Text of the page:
Campaigning door-to-door last fall, City-County Councilor Vop Osili found many adults at home during the day, and it wasn’t because they worked the night shift.
They were among the 5,000 or so people who return to Marion County from Indiana prisons each year, and as a result, they weren’t working at all.
“In my district, we’ve got a lot of people impacted by their criminal past,” said Osili, who represents the 15th District, which includes neighborhoods north and west of downtown to 30th Street.
The freshman Democrat thinks the city could level the playing field for ex-offenders by eliminating the question of past convictions on job applications.
“All that stands in the way is that little check box,” Osili said. “How long do you have to live like that?”
Other cities, including Detroit and Philadelphia, have adopted so-called “ban the box” ordinances. Detroit’s applies to the city’s own hiring, plus contractors and vendors doing business with the municipality. Philadelphia went so far as to apply the ban to all employers. Both communities adopted the measures last year.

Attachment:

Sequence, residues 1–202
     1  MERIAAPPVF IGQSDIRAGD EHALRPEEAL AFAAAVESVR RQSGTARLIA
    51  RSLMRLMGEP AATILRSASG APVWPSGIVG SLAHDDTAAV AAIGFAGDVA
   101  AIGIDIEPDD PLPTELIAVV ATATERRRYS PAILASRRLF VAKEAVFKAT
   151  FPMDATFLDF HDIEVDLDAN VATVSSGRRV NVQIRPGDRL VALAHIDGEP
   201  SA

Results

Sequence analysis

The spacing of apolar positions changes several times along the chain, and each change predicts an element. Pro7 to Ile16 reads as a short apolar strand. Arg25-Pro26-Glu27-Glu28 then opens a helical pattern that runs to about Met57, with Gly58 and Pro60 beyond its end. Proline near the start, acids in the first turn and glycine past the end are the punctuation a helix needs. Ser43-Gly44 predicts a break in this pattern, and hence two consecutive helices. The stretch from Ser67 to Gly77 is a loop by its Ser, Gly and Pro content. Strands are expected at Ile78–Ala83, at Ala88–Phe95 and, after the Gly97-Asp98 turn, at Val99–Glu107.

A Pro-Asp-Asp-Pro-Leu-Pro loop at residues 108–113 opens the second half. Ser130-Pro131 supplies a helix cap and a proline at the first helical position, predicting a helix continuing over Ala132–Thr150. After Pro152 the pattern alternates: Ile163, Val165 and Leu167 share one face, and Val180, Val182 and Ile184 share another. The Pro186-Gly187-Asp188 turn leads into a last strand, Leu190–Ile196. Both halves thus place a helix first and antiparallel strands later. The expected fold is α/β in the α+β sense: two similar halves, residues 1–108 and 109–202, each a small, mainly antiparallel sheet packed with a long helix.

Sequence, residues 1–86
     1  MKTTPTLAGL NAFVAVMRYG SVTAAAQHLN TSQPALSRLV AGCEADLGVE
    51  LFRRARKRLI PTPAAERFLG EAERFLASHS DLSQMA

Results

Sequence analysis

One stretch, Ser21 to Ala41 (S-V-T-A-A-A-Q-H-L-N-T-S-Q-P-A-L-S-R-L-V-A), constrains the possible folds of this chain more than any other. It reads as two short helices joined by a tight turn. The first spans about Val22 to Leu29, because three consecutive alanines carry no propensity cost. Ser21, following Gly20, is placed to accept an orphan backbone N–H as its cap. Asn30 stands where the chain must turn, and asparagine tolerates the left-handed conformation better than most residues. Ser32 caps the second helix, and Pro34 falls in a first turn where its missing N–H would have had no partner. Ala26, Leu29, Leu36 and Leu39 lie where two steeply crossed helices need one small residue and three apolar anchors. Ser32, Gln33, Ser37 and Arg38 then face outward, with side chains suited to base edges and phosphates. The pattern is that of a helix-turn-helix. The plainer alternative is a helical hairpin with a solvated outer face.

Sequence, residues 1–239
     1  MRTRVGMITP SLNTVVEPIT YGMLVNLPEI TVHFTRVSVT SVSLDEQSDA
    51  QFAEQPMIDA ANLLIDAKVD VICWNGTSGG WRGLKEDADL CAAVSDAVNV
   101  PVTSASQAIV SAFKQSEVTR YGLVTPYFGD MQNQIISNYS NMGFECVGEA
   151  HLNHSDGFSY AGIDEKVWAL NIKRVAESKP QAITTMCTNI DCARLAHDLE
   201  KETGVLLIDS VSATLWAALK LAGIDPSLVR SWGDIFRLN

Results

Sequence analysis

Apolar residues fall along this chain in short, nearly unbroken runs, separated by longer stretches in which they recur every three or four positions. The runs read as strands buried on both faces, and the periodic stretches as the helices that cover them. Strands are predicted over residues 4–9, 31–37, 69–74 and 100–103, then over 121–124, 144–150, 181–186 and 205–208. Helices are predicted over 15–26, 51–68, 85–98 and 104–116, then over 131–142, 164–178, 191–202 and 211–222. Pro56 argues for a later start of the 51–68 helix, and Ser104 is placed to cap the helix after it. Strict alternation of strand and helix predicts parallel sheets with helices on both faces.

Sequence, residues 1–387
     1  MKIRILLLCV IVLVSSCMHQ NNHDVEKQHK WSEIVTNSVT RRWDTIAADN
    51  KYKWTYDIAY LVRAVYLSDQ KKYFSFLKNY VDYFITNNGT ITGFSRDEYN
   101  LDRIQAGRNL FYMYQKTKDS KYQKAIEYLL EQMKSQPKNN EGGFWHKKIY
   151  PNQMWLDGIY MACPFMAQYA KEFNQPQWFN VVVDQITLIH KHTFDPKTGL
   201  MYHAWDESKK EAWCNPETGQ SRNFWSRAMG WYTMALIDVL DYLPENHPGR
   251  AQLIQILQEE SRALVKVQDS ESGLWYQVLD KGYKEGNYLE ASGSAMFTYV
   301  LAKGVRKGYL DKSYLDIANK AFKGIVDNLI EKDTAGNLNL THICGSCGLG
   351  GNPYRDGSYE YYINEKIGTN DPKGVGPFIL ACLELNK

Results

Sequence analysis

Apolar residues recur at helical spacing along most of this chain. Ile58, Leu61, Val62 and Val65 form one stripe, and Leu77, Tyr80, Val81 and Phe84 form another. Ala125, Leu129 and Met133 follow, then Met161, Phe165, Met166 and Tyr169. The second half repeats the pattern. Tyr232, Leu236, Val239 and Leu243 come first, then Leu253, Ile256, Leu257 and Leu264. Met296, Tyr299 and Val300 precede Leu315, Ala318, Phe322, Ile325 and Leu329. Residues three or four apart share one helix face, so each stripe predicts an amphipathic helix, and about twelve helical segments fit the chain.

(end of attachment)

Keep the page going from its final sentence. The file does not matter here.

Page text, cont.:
Democratic council President Maggie Lewis said she likes the idea, though she’s not sure the council should try to pass something that applies to all employers.
“I think we should look into it,” she said. “If there was an opportunity for us to really expand this and make it work in our city, I would be in favor of it.”
Human-resource professionals are aware of the ban-the-box movement, said Jeff Hallam, a partner at the Indianapolis online application software provider ExactHire.
It’s true that many employers screen too broadly and end up throwing out people whose crimes are irrelevant to the job opening, Hallam said, but he doesn’t think a ban is the answer.
“A blanket policy of, ‘Take that off the application,’ I don’t think that works,” he said.
Osili hasn’t proposed a ban-the-box ordinance. Instead, he’s trying to put together a 10-member study commission that would look at an array of re-entry policies and recidivism.
More than half those roughly 5,000 people who come to Marion County from prison go back within three years.
That’s a much higher recidivism rate than for Indiana as a whole, which releases 14,000 to 16,000 inmates a year and sees fewer than 40 percent of them back in prison within three years, said Roger Jarjoura, a criminologist and associate professor at IUPUI.